The World Fantasy Awards winners were announced yesterday. I only make a note of the occasion since several close friends were nominated (none of whom won) and the accompanying convention is one of the reasons I’m blogging rather than Jeff. It’s not like the awards really mean anything in a real world money sense. There’s a joke/observation in the bookselling community that winning the World Fantasy Award dooms a book to an out of print status and relative obscurity.
Let’s look at the previous winners.
Of the nine books that won the award for best novel, five are still in print. Of those five, I’m discounting the 2005-06 winners since those were published and promoted heavily by mainstream book houses and should remain in prints for many, many years. That means 4 out of possible 7 books are out of print. A little over 50%. Not good.
- 2006 Kafka on the Shore, Haruki Murakami (in print)
- 2005 Jonathan Strange & Mr Norrell, Susanna Clarke (in print)
- 2004 Tooth and Claw, Jo Walton (out of print)
- 2003 The Facts of Life, Graham Joyce (out of print) and Ombria in Shadow, Patricia A. McKillip (in print)
- 2002 The Other Wind, Ursula K. Le Guin (out of print)
- 2001 Declare, Tim Powers (in print) and Galveston, Sean Stewart (in print)
- 2000 Thraxas, Martin Scott (out of print)
Surprisingly as you get further out the numbers remain consistent. 6 out of 11 are out of print. Again, just over 50%.
- 1999 The Antelope Wife, Louise Erdrich (out of print)
- 1998 The Physiognomy, Jeffrey Ford (out of print)
- 1997 Godmother Night, Rachel Pollack (out of print)
- 1996 The Prestige, Christopher Priest (in print)
- 1995 Towing Jehovah, James Morrow (in print)
- 1994 Glimpses, Lewis Shiner (out of print)
- 1993 Last Call, Tim Powers (out of print)
- 1992 Boy’s Life, Robert R. McCammon (in print)
- 1991 Only Begotten Daughter, James Morrow (in print) and Thomas the Rhymer, Ellen Kushner (in print)
- 1990 Lyonesse: Madouc, Jack Vance (out of print)
8 out of 11 possible books are out of print. A whopping 73%!
- 1989 Koko, Peter Straub (out of print)
- 1988 Replay, Ken Grimwood (out of print)
- 1987 Perfume, Patrick Suskind (in print)
- 1986 Song of Kali, Dan Simmons (out of print)
- 1985 Mythago Wood, Robert Holdstock (in print) and Bridge of Birds, Barry Hughart (out of print)
- 1984 The Dragon Waiting, John M. Ford (out of print)
- 1983 Nifft the Lean, Michael Shea (out of print)
- 1982 Little, Big, John Crowley (in print)
- 1981 The Shadow of the Torturer, Gene Wolfe (out of print)
- 1980 Watchtower, Elizabeth A. Lynn (out of print)
Surprisingly, only 2 out of the 5 five winners are out of print.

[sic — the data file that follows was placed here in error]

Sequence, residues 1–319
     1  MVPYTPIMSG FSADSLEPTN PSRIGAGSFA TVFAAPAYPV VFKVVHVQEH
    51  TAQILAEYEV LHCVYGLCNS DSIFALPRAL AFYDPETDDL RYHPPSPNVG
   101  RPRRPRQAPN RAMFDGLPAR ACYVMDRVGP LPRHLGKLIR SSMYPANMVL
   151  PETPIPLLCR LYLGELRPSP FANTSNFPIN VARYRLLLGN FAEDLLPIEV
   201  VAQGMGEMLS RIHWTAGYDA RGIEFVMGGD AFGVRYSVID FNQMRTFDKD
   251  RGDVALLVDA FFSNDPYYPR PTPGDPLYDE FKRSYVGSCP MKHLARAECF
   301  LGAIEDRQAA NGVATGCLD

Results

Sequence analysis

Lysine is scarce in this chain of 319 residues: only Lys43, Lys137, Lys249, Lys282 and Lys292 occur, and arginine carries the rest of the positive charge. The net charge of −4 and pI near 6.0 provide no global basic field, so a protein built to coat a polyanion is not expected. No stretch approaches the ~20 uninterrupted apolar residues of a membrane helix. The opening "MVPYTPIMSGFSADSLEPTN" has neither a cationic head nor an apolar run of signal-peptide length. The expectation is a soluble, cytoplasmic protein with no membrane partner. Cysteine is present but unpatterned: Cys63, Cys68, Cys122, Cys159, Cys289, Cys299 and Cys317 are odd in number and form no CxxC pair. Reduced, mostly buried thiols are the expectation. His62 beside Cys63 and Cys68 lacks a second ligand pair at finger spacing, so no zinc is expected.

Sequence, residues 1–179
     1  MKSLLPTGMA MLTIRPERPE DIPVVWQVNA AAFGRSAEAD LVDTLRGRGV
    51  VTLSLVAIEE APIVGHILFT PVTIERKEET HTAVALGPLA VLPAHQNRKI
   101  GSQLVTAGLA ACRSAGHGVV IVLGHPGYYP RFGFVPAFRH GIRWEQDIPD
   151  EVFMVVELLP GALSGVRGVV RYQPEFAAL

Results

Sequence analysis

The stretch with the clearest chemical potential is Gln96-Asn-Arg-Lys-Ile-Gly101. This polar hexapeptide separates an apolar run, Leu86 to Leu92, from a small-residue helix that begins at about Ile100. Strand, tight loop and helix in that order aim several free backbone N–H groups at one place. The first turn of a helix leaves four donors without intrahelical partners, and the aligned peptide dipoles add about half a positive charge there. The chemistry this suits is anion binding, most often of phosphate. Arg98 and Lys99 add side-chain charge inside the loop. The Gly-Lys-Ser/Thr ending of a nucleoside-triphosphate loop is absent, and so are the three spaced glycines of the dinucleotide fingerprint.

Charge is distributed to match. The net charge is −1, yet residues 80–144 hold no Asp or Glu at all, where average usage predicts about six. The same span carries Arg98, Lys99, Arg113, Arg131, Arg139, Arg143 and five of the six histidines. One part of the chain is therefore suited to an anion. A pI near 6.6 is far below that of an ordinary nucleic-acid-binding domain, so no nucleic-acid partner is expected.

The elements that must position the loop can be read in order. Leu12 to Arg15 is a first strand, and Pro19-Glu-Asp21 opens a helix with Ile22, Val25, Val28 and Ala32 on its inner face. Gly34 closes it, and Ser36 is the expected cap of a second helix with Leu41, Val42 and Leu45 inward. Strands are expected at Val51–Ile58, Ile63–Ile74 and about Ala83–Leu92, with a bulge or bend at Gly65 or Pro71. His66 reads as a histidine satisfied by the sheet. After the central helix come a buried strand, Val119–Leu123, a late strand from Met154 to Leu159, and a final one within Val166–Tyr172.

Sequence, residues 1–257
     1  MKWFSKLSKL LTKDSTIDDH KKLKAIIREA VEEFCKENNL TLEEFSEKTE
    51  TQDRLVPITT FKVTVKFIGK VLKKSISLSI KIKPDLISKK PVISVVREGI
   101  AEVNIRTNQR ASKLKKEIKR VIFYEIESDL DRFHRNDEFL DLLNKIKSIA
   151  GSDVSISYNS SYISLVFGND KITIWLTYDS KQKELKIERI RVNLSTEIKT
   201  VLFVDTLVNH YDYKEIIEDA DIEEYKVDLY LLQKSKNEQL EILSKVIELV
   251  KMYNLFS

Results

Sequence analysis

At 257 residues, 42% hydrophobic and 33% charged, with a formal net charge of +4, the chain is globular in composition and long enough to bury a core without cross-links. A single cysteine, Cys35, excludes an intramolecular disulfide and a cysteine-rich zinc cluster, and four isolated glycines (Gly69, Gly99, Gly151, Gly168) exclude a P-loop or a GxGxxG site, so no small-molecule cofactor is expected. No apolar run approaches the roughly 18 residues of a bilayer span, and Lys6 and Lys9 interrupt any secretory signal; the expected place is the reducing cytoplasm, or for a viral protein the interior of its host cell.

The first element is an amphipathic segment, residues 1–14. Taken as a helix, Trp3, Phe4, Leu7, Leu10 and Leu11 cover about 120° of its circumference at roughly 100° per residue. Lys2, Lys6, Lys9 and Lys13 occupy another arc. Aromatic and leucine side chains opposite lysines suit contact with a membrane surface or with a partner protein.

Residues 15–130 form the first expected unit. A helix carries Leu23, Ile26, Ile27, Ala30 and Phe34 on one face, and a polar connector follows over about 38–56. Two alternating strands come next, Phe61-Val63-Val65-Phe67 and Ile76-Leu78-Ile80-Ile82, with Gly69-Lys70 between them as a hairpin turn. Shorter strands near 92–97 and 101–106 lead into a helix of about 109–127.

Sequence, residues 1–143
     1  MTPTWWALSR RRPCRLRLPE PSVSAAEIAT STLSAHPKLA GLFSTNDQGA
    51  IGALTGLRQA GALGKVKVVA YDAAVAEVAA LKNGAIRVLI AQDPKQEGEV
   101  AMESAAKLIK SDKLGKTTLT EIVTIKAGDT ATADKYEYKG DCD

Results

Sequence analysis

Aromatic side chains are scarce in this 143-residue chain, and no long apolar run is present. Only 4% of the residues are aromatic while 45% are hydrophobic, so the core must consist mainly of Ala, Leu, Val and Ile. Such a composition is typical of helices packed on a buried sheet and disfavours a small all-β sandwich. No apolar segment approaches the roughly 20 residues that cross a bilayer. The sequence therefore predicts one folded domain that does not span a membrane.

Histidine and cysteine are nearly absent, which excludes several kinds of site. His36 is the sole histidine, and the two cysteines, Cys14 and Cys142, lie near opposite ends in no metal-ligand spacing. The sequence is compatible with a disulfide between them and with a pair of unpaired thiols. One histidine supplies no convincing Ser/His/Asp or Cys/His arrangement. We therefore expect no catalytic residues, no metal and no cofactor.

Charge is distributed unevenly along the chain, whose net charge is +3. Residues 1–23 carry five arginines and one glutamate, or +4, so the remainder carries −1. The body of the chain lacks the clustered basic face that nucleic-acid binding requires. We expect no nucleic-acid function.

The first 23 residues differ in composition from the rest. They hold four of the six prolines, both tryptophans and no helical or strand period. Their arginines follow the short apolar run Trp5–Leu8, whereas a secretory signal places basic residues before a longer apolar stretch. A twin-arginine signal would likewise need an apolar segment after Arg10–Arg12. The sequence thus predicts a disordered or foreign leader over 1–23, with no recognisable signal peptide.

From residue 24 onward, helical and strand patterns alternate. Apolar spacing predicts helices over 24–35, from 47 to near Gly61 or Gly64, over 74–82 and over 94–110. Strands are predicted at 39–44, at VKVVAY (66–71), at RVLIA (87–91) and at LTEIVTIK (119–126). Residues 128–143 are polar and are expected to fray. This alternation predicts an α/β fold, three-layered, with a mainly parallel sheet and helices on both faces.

- 1979 Gloriana, Michael Moorcock (out of print)
- 1978 Our Lady of Darkness, Fritz Leiber (in print)
- 1977 Doctor Rat, William Kotzwinkle (in print)
- 1976 Bid Time Return, Richard Matheson (out of print)
- 1975 The Forgotten Beasts of Eld, Patricia A. McKillip (in print)
So booksellers are not entirely wrong with some 57% of the award winners currently out of print.
I wondered how this compares to the Hugos during the same period.
There were 7 books awarded the Hugo for Best Novel 2000-2006. All are in print.
1990-1990 Of the 10 books, 3 are out of print.
1980-1989 Of the possible 9 books, 3 are out of print.
1975-1979 4 books. 1 is out of print
Roughly 23% of Hugo Award-winning novels since 1975 are out of print.
Of the genre awards, the Edgar Award for Best Mystery have the biggest impact on an author’s sales. Other key non-genre awards are the Pulitzer, National Book Award, and the Nobel. Basically, all other words including the World Fantasy, Stokers, IHG, etc. look great on the shelf, but have almost no impact on your sales.
As an editor, I was nominated for the 1996 Eisner Award for Best Anthology (Weird Business) and two other books I edited were nominated for awards. The Blueberry Saga: Confederate Gold was nominated for the 1997 Eisner Award for Best Archival Collection. Dead Heat won the the 1996 International Horror Guild (IHG) Award for Best First Novel and was nominated for The 1996 Bram Stoker Award for Best First Novel. Paul Miles and I were finalist for the WSFA Small Press Award for our story “A Penny A Word”. I was honored by all the nominations, but they have little affect on my career either as a writer or editor.
I wish to extend a congratulations to all the winners and nominees. Though, it may not appear that way, the World Fantasy Awards are among my favorite awards and I have read many of the past winners and nominees. This award often speaks to my personal tastes. Sadly, according to sales, I am definitely in a minority.
(A little note… Print status was determined for US editions only. Also, I am referring primarily to adult books. Young adult and children books behavior similarly but for the addition of the Newberry and Caldecott Awards.)